After reading plenty of gushing online articles about how Da Nang in Vietnam was an upcoming tourist destination well worth checking out, my travel companion and I decided to start our trip around Vietnam from there. It pains me to admit that, in my opinion, the articles about Da Nang being a city full of things for visitors to do are very wide of the mark.
I arrived at Funtastic Da Nang Hostel (now permanently closed) late at night after sharing a taxi with an English speaking local who helpfully told the driver where it was situated. It was not an easy place to find located in the winding backstreets, so I felt fortunate that the person I rode with knew where it was and was able to explain this to my driver in his native tongue. Arriving during the day might have alleviated the hassle of finding the hostel, but the streets of Da Nang are not the easiest to navigate as a new arrival to the city, especially in the unwelcoming dark.
The city is frenetic and busy, a non-stop cacophony of noise. Da Nang is less touristy than some of the other areas of Vietnam we stopped off in (Hanoi, Sapa, etc) so you can at least get a better idea of how Vietnamese people live their everyday lives away from the influx of the foreign masses. The people here are rather friendly and you shouldn’t be surprised to hear people calling friendly hellos if you strain your ears over the chaotic orchestra of bike engines and sounding horns. The city itself doesn’t offer a great deal of action and its streets are a muddle of pharmacies, convenience stores, and ugly half-finished concrete structures. To find any food and drink action requires you to walk to the area nearest the Dragon Bridge where there is a small stretch of bars and restaurants to enjoy.
The Dragon Bridge, if I’m being brutally honest, is the only interesting landmark that Da Nang has to offer. Lit up colourfully at night, and with weekend fire and water shows, it is quite impressive in the dark of the evenings. However, the shows are short and stop-start, so if you have come all the way to the city for the bridge alone, you may well leave feeling shortchanged.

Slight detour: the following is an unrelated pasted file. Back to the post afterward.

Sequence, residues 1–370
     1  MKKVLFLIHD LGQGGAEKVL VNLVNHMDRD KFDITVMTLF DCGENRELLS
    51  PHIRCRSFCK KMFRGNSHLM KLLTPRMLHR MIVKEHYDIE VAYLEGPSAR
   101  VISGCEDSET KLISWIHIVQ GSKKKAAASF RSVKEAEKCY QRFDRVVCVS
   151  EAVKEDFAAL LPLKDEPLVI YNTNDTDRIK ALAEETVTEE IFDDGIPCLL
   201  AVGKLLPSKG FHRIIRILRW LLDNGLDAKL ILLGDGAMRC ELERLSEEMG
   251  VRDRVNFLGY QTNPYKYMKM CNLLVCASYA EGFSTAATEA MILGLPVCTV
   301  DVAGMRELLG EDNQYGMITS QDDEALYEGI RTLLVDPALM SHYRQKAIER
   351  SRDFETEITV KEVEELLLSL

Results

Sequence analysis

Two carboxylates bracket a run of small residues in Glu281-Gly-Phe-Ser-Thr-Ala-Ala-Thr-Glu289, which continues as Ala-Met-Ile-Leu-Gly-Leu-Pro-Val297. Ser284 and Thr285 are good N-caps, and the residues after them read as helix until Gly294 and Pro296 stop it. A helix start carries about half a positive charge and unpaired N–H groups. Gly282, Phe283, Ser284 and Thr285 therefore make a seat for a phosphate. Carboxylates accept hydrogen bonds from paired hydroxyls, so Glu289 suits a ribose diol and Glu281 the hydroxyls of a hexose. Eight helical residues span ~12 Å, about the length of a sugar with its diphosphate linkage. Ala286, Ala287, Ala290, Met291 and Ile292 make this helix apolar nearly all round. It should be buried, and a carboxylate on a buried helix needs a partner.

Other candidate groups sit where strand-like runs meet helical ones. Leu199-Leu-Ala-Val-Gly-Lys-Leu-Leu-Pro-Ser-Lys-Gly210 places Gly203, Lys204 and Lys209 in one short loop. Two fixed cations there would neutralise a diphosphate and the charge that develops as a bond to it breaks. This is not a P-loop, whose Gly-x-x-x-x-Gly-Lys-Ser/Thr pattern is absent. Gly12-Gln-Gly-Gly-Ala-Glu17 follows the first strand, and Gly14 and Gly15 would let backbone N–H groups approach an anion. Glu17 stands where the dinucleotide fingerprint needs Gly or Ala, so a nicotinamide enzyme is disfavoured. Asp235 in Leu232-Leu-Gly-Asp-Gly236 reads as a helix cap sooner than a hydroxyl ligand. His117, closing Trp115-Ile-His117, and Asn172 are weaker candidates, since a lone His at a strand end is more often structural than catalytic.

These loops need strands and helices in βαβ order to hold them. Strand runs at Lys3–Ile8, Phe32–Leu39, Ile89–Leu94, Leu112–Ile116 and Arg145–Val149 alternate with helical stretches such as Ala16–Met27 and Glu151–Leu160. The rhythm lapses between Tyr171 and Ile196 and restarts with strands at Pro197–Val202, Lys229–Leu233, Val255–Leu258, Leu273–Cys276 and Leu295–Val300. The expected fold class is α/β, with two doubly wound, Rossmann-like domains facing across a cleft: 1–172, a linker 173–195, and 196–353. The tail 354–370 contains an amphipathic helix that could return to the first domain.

A few days into our visit, wanting to get away from the never ending bustle and noise of the city, we made our way on foot to Thanh Binh beach which was an experience in itself. The distance from our hostel to the beach wasn’t very far, but the congestion on Da Nang’s roads drastically extends any journey made by foot. While roads absolutely rammed with mopeds and motorbikes is to be expected in Vietnam, Da Nang had by far the heaviest traffic of all the spots we visited. Crossing the road here is like playing Russian Roullette in that it seems absolutely random whether you will make it to the other side in one piece or not. There really never seems to be a break in the traffic and I would recommend exercising extreme caution when crossing the street as some of the bike riders drive like lunatics seemingly without a second to spare.
Once we made it to Thanh Binh safely we slumped into a deckchair (which was free!) with much relief and ordered a beer from a nearby vendor. The beach was unspectacular compared to others we encountered on our South East Asia trip, but it was calm, quiet, and, bar ourselves, was frequented solely by locals. We were able to relax and watch an unhindered sunset far removed from the hectic madness of Da Nang proper.
I would say be wary of what you read about Da Nang online. It might well have a burgeoning tourist scene, but it seemed to me to be focused around high-end visitors who congregate in the five star hotels along the coast’s sandy beaches without straying too far from their fancy accommodation. As budget travellers, my companion and I really found little in Da Nang that we could recommend to other backpackers bar its proximity to Hoi An. If you are passing the city on your way somewhere else, by all means pop in for a day to see the bridge. I wouldn’t, however, say it is a place worth going out of your way for.
One of the ‘must see’ places while in Da Nang are the Marble Mountains. I must profess to never being more disappointed with a recommendation I found online than I was with this site.
The mountains are rundown, scruffy, and absolutely littered with rubbish. Wild dogs run around unhindered often looking rabid and threatening. The highest point on the mountains (the path leading to which is pretty difficult to find) provides a view of the distant beaches which were nice enough, but the nearer surroundings of scorched fields and dumped waste were far less attractive, making your trip up the many steps in the searing heat feel like a little bit of a wasted journey.
As well as this viewpoint, there are a number of unspectacular caves to clamber into, but the majority of them reveal nothing but guano spattered rocks for you to admire once you have reached their innermost chambers.
There is one grotto, however, called Huyen Khong that houses a statue and allows a blazing column of light to shine through its ceiling which was quite awe-inspiring, reminding me very much of something that Indiana Jones might have stumbled upon during one of his adventures. There are a number of gardens and sculptures dotted around the mountain but the majority are in very poor condition or terrible states of disrepair respectively.